Many Americans want to keep incandescent light bulbs

Kansas City StarJuly 8, 2011 

James Hartley sees liberty in his light bulbs.

He’s been stockpiling traditional incandescent bulbs for almost two years. So far he’s collected more than 300.

He said he’ll keep buying them until new federal standards start phasing them out next year in favor of more energy-efficient compact fluorescent and LED bulbs.

For Hartley, a Wyoming truck driver originally from Vulcan, Mo., it’s about consumer choice.

“If it was given as an option to save energy, that’s fine,” he said. “But we’ve got a choice to still drive a gas-guzzling vehicle or buy a brand new, government-subsidized Chevy Volt. … If someone prefers something, they should have the right to buy it.”

Like it or not, the symbol of U.S. ingenuity is changing.

A USA Today/Gallup poll in February asked Americans if the phase-out legislation was a “good” or a “bad” law. While 61 percent said it was good and only 31 percent said it was bad, that 31 percent still represents millions of upset Americans.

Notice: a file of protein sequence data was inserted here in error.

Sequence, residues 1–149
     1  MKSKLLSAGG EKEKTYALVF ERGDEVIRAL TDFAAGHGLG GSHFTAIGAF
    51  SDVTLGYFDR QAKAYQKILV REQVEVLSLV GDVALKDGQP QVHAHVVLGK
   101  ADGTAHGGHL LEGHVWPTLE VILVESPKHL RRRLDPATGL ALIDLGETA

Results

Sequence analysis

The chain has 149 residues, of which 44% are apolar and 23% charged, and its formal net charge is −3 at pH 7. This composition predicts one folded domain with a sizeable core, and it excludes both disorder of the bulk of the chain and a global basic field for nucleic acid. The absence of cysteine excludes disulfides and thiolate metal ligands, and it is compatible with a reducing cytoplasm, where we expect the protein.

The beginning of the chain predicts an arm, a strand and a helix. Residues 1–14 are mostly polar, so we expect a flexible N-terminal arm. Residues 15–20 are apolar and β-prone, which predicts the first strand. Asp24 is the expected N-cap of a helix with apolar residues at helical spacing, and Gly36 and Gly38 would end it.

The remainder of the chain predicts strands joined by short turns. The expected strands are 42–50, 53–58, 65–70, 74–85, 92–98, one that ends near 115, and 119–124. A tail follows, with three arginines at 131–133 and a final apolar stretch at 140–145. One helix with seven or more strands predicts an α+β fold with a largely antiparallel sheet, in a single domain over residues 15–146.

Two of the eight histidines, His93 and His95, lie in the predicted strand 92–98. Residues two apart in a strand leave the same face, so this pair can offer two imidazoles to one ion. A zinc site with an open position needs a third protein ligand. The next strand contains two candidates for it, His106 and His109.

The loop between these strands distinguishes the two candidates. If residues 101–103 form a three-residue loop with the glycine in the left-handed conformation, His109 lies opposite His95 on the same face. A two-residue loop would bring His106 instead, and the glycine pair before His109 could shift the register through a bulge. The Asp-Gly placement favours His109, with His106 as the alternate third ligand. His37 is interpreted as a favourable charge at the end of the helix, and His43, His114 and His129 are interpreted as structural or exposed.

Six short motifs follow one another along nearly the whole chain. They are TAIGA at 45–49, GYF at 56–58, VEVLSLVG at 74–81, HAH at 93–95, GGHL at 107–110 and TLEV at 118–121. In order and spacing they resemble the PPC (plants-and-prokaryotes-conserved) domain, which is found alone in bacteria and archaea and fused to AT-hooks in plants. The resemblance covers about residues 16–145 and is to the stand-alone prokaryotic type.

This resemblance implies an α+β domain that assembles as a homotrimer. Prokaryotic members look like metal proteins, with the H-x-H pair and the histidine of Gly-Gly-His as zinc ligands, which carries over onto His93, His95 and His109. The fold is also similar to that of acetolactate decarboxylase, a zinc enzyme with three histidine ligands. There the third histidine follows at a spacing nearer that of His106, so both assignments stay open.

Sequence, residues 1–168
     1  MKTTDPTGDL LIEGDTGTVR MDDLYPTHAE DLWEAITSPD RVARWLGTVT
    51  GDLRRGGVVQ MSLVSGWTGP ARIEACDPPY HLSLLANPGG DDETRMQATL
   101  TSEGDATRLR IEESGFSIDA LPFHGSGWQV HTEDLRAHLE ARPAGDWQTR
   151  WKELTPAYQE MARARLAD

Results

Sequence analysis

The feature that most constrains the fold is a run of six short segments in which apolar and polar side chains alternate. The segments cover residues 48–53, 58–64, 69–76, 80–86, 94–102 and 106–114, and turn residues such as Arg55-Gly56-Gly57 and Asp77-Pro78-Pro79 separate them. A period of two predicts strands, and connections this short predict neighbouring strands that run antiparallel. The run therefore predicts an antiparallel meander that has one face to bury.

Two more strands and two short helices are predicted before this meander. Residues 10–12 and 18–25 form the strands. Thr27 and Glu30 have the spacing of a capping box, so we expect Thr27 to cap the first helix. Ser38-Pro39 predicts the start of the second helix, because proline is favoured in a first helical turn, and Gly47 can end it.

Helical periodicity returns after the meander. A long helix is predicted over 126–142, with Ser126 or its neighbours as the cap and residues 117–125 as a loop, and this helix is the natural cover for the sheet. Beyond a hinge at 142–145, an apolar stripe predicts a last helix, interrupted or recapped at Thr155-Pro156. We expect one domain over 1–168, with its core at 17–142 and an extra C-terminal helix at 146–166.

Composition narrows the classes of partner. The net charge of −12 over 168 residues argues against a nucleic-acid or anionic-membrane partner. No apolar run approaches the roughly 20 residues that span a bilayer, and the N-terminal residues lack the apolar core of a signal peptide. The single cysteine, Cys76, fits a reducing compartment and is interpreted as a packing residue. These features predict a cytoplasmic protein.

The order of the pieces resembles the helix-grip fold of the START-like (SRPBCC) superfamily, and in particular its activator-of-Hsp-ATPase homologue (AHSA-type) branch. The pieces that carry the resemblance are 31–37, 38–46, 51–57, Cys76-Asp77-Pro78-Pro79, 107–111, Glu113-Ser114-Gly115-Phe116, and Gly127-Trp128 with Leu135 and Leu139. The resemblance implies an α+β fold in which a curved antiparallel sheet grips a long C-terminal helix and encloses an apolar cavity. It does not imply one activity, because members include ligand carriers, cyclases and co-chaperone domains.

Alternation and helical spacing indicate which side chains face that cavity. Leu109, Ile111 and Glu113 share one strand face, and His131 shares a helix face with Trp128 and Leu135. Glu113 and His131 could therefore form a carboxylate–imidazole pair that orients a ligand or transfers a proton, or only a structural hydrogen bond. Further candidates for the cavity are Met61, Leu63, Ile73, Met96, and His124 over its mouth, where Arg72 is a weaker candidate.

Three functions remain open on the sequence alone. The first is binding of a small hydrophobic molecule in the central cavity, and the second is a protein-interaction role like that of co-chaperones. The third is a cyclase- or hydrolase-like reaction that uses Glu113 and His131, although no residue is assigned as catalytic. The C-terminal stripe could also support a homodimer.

Opponents of the legislation say it's a threat to the free market and personal liberty, and alternative bulbs are too expensive. They've taken their complaints to the blogosphere.

Read the full story at

McClatchy Washington Bureau is pleased to provide this opportunity to share information, experiences and observations about what's in the news. Some of the comments may be reprinted elsewhere in the site or in the newspaper. We encourage lively, open debate on the issues of the day, and ask that you refrain from profanity, hate speech, personal comments and remarks that are off point. Thank you for taking the time to offer your thoughts.

Commenting FAQs | Terms of Service